Startup SimpliVity pitches super-appliance for data centers

SimpliVity thinks it’s time for a super appliance to take on many workloads now handled by multiple appliances and that’s what its OmniCube aims to do.

The beauty of a data center appliance is that it can plug right in and start working with minimal configuration and heartache. But that simplicity is undercut once companies start deploying multiple special-purpose appliances to handle different tasks — WAN optimization, deduplication, backup, etc.  SimpliVity says its OmniCube super-appliance will handle all that stuff.

“We’ve developed new stack software and an accelerator card that handles ‘hot data’ — the writes and seeks most companies run on — and put that all into a 2U box that combines server, storage, networking functionality now handled by all these other boxes,” SimpliVity CEO Doron Kempel, an EMC veteran, said in a recent interview. “We dedupe and compress all that data once and forever. Everyone else dedupes at different stages of the life cycle. Why not dedupe at inception?”

That means the data running the organization is already cleaned up, streamlined and compressed eliminating inefficiency, he said.

SimpliVity CEO Doron Kempel.

Eliminating server room clutter

The beauty for the mid-market companies that SimpliVity targets, is they don’t need to buy an array of other hardware. For these companies, the current range of IT gear — servers, storage switches, primary storage, back-up and deduplication appliances are too much, he said. “It’s too hard for these customers to both acquire all these things and train all the people to run them. OmniCube is designed to be run and maintained by the VM administrator. OmniCube initially supports VMware(s vmw) but will certify for Microsoft(s msft) Hyper-V(s msft) later.

Big legacy IT providers talk up converged data center appliances but also  have to protect their current product lines. Companies like Hewlett-Packard(s hpq), Cisco(s csco) and IBM(s ibm) are all pushing converged data center hardware but also have to keep selling their standalone hardware. OmniCube, on the other hand, is designed from the ground up to take on, manage and run virtualized workloads.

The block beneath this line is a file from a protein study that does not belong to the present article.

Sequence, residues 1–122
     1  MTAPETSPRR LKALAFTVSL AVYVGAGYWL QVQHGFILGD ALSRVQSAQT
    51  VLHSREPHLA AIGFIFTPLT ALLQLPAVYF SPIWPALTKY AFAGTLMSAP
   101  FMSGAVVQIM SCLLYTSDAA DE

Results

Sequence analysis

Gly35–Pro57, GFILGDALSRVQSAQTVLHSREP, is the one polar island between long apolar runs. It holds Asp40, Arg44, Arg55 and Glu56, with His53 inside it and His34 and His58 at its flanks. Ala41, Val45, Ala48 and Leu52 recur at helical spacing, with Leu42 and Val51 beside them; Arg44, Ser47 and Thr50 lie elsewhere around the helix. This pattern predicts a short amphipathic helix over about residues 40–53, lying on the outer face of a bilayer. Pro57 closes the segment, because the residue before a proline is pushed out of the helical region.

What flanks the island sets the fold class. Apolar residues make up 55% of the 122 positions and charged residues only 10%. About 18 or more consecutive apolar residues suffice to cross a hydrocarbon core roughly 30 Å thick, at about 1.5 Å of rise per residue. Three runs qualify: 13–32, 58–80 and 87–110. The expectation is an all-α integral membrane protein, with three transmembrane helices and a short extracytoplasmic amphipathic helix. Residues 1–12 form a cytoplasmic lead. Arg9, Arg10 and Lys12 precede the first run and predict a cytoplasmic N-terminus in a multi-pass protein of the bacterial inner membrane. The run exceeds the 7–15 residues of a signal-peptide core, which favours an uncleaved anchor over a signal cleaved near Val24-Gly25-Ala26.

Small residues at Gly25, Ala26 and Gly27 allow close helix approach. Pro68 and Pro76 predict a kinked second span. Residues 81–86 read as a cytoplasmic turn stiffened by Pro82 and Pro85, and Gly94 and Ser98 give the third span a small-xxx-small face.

“Each OmniCube has 20 to 40 TB of usable capacity, 10 CPU cores and you can daisy chain up to 3 OmniCubes together. If you want to replicate across all your OmniCubes, you don’t need IP addresses, controllers or RAIDs, you just move that data or those VMs to your other OmniCubes wherever they are,” Kempel said.

Along with the accelerator card, OmniCube comprises eight 3-TB hard drives and four 200-GB solid-state drives (SSDs) and the OmniStack software.

And, for the many companies wanting to use public cloud infrastructure, they can put their OmniStack VM images up on Amazon’s(s amzn) EC2 as well.

Mark Bowker, senior analyst for Enterprise Strategy Group, is intrigued. “There is an advantage in not having the big installed base — the big guys are all glueing their stuff together. This is simplified from the ground up. I like that it runs on X86 hardware and doesn’t involve a huge server-storage reference architecture. This is pretty easy–you slide it into the rack and scale it the way you want,” Bowker said.

Westborough, MA.-based SimpliVity was founded in 2009 and is emerging from stealth with Monday’s OmniCube news. It has raised $18 million in capital from Accel Partners and Charles River Venture Partners.

Kempel was VP and GM at EMC where he founded the company’s Media Solution Group. He went on to start up Diligent Technologies, a deduplication specialist bought by IBM in 2008. Kempel was also a major in the Israeli Defense Force’s Intelligence Corps.

If, as many IT observers say, there is beauty in the simplicity of data center appliances, there may well be a lot of appeal — especially for resource-constrained mid-market companies — for one appliance that combines all their workloads.

 Feature photo courtesy of Flickr user  Tracy O